Planning for the future
Texas Guaranteed is negotiating with the U.S. Department of Education on what role it will play in the revamped student loan industry — and exactly how it will be paid for its services, Torres said.
The agency may be paid directly by the Education Department after going through a competitive bidding process with other agencies. Or it could work out individual contracts with Texas’ 146 colleges and universities to continue to provide services that include default and delinquency prevention, financial literacy and debt management programs, and training for financial aid administrators.
Once those details are ironed out, Texas Guaranteed plans to ask the state Legislature in January to amend the law that spells out its duties to reflect the realities of the new federal program.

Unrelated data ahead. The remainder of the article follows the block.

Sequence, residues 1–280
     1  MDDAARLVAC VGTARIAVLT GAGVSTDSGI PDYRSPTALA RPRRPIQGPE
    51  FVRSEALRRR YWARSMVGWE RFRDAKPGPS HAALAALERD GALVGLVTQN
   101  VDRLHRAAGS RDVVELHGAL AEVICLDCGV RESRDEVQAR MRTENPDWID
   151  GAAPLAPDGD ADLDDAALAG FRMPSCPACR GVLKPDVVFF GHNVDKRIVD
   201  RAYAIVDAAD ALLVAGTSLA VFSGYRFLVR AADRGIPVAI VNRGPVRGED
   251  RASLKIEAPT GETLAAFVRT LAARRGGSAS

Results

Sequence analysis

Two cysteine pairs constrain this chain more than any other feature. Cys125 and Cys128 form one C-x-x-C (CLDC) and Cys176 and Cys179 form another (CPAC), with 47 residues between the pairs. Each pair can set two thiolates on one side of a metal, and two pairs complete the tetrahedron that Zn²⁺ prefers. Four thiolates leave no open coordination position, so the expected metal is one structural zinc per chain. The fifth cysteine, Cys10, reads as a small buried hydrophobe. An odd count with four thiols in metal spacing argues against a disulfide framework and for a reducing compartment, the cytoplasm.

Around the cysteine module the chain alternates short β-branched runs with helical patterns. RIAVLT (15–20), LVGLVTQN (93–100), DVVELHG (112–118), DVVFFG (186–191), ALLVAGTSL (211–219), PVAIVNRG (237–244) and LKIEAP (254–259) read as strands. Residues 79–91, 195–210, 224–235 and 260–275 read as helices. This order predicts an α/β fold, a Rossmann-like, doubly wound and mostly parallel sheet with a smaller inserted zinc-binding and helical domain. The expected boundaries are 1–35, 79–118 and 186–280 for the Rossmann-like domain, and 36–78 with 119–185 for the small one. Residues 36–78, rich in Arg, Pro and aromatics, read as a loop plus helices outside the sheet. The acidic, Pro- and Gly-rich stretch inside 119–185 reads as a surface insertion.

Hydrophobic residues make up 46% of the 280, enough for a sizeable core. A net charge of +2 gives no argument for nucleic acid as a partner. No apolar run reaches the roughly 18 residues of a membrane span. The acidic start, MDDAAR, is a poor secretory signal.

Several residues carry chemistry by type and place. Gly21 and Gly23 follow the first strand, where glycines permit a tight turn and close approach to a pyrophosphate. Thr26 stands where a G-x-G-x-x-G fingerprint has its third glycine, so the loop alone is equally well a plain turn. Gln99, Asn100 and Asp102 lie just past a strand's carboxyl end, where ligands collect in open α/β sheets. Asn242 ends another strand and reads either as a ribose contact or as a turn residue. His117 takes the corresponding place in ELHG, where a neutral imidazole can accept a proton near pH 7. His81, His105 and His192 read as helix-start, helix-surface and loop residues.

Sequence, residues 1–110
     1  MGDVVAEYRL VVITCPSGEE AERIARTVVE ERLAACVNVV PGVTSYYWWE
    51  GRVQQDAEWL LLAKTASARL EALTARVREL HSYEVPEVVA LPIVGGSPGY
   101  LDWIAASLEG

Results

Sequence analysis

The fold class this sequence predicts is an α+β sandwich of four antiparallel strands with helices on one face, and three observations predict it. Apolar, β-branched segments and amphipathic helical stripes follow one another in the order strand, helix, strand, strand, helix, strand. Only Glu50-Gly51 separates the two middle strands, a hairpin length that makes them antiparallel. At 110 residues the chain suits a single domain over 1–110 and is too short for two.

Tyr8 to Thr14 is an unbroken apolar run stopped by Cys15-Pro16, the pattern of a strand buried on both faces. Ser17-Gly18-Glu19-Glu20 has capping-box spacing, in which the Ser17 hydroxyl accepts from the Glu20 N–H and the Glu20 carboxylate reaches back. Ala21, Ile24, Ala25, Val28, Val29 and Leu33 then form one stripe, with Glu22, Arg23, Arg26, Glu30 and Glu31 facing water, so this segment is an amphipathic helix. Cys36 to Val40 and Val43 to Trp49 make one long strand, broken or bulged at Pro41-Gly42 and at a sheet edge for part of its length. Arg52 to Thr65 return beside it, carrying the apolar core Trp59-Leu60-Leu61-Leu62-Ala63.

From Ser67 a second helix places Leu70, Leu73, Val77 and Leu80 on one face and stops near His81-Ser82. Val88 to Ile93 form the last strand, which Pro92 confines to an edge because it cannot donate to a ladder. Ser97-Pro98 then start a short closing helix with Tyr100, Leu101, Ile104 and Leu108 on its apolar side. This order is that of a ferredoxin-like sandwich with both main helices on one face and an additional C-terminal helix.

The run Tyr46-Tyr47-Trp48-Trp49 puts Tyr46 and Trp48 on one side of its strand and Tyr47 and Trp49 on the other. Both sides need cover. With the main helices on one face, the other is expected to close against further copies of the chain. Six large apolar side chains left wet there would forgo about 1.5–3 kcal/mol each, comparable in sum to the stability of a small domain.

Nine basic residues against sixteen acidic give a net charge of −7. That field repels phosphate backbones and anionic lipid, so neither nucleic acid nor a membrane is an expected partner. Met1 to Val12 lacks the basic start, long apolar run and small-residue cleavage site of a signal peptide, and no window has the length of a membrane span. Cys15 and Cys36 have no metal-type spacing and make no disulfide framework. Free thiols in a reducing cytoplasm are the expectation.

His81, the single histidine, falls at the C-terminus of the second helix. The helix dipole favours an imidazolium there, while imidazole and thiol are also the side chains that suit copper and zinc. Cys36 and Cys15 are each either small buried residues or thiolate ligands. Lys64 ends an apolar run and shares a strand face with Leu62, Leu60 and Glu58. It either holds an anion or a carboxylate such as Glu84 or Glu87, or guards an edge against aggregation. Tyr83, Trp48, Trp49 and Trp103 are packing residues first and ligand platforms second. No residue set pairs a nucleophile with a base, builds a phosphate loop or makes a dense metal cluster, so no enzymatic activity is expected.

As a public nonprofit, Texas Guaranteed receives no state appropriations, but the agency must justify its existence every 12 years under Texas’ sunset law. After passing the sunset process in 2004, the agency is up for review next in September 2017.
Currently, the Texas Education Code establishes the agency to specifically “administer a guaranteed student loan program.”
“With these changes, their role is questionable, especially under the existing statute,” said state Sen. Judith Zaffirini, D-Laredo. Zaffirini, head of the Higher Education Committee, said her staff is currently working with Texas Guaranteed officials to amend the statute.
Zaffirini added that Texas Guaranteed does valuable work and said she doesn’t foresee the agency being dismantled.
“All of those services are very important, especially debt management and financial literacy,” she said. “Many of the students that need the money the most lack that kind of information. They have to learn to manage